Dear Commons Community,
President Obama will announce today that 60 of the nation’s largest school districts are joining his initiative to improve the educational futures of young African-American and Hispanic boys, beginning in preschool and extending through high school graduation. As reported in the New York Times:
“The districts, which represent about 40 percent of all African-American and Hispanic boys living below the poverty line, have committed to expand quality preschool access; track data on black and Hispanic boys so educators can intervene as soon as signs of struggle emerge; increase the number of boys of color who take gifted, honors or Advanced Placement courses and exams; work to reduce the number of minority boys who are suspended or expelled; and increase graduation rates among African-American and Hispanic boys.
President Obama announced in February a five-year, $200 million initiative, known as My Brother’s Keeper, to help black and Latino youths. The new efforts, which will also seek support from the nonprofit and private sectors, are being coordinated by the Council of the Great City Schools, which represents large urban school districts. Michael Casserly, executive director of the organization, said that while a handful of districts had already made some progress in helping black and Latino boys improve their academic performance, “we need to move these numbers and improve these futures as a collective if the nation as a whole is to make any progress on this front. It’s not enough for us to do well in a small number of cities…”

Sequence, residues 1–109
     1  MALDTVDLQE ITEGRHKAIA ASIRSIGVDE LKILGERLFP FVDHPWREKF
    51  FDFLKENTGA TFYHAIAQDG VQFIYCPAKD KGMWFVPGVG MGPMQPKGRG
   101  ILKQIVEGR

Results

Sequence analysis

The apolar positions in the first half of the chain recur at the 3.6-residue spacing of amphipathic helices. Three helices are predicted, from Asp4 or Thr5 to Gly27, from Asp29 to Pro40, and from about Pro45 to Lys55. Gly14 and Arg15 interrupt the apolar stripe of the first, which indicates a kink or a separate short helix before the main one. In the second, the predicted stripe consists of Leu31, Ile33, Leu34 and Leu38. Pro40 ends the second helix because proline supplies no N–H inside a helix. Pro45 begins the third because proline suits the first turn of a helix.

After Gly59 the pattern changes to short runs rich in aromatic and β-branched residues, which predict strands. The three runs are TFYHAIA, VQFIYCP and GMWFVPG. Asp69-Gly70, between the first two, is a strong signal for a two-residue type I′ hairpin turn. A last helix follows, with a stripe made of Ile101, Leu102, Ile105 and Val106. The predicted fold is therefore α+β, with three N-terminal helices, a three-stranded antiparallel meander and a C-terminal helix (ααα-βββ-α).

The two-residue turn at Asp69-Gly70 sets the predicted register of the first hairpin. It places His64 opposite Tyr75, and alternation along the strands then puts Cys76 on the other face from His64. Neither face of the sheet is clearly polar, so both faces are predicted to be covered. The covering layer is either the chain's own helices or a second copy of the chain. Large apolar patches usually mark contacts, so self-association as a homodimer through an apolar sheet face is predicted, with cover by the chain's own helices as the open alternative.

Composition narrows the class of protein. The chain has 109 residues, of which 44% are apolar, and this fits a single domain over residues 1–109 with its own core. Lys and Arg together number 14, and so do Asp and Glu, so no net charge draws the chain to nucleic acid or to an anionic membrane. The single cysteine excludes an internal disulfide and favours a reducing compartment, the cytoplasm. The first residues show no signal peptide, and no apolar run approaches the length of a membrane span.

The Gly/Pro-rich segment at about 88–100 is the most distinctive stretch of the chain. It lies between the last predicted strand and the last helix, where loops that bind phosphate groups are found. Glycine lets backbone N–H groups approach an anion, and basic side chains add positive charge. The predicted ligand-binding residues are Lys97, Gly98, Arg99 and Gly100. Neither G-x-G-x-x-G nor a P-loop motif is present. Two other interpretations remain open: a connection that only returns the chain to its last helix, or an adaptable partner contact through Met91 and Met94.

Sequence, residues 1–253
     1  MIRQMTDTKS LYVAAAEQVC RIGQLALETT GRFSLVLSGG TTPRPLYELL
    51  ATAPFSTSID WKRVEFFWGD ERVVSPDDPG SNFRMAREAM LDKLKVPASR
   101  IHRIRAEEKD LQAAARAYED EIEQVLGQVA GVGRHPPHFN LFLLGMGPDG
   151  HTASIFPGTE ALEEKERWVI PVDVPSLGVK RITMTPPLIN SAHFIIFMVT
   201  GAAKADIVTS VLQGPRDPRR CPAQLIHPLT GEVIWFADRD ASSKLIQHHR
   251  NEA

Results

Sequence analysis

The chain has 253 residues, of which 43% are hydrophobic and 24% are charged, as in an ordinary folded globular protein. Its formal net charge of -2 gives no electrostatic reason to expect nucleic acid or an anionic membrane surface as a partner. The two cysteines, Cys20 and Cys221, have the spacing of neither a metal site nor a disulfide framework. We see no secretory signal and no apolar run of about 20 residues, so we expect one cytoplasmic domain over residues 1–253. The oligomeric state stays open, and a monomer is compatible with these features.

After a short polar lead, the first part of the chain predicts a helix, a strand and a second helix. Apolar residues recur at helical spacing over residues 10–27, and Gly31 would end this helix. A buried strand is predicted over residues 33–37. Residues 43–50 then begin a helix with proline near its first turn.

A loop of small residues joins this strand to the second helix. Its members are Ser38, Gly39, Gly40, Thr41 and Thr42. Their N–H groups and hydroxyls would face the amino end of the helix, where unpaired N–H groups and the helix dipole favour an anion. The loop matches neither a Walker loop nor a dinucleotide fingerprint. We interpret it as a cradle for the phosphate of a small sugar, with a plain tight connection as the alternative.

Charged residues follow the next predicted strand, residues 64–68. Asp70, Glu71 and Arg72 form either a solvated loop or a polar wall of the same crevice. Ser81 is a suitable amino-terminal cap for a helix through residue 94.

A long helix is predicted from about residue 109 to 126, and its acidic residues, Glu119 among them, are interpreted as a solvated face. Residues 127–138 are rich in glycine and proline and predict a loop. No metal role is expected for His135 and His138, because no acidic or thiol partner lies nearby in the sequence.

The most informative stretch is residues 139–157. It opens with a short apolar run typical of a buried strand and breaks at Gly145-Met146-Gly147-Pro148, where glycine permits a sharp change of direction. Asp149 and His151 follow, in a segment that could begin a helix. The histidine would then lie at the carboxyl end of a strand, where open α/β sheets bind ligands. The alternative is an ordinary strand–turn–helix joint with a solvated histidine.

The president will also announce on Monday that various organizations have committed funds to develop mentoring programs for young black and Latino youths or to design new school models for disadvantaged communities.
These include the National Basketball Associations, AT&T and the Emerson Collective — founded by Laurene Powell Jobs, widow of Apple’s founder Steve Jobs — to make grants and investments in education initiatives.”
This initiative is well-directed.